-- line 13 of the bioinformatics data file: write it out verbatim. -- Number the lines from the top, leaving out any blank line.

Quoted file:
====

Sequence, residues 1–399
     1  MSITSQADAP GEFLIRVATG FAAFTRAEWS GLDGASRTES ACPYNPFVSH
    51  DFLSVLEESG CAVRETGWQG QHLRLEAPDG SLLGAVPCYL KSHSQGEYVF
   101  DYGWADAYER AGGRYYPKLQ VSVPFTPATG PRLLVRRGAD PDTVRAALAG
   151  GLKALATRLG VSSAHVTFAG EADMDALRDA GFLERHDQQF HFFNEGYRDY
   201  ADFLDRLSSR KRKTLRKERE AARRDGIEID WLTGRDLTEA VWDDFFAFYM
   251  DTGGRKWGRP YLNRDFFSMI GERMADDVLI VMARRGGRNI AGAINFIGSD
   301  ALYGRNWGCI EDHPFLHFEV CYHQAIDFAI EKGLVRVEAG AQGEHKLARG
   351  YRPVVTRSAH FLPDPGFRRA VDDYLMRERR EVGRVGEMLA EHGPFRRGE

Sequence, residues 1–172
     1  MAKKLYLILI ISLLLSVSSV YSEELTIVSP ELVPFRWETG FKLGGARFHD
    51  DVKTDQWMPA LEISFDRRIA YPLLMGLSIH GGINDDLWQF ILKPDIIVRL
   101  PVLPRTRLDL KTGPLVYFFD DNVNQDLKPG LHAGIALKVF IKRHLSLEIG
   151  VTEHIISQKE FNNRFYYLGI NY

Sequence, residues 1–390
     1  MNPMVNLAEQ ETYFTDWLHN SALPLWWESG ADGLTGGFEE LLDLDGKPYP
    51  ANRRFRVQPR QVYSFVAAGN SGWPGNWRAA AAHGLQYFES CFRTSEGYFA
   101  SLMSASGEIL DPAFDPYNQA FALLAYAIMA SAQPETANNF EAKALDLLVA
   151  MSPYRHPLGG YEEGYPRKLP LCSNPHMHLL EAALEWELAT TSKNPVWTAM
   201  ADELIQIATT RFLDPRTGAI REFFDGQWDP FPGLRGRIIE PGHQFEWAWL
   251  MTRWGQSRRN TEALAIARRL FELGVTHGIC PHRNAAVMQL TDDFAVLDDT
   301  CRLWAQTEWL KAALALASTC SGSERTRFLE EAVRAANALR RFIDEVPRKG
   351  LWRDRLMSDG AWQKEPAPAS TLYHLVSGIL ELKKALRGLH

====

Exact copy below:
   101  PVLPRTRLDL KTGPLVYFFD DNVNQDLKPG LHAGIALKVF IKRHLSLEIG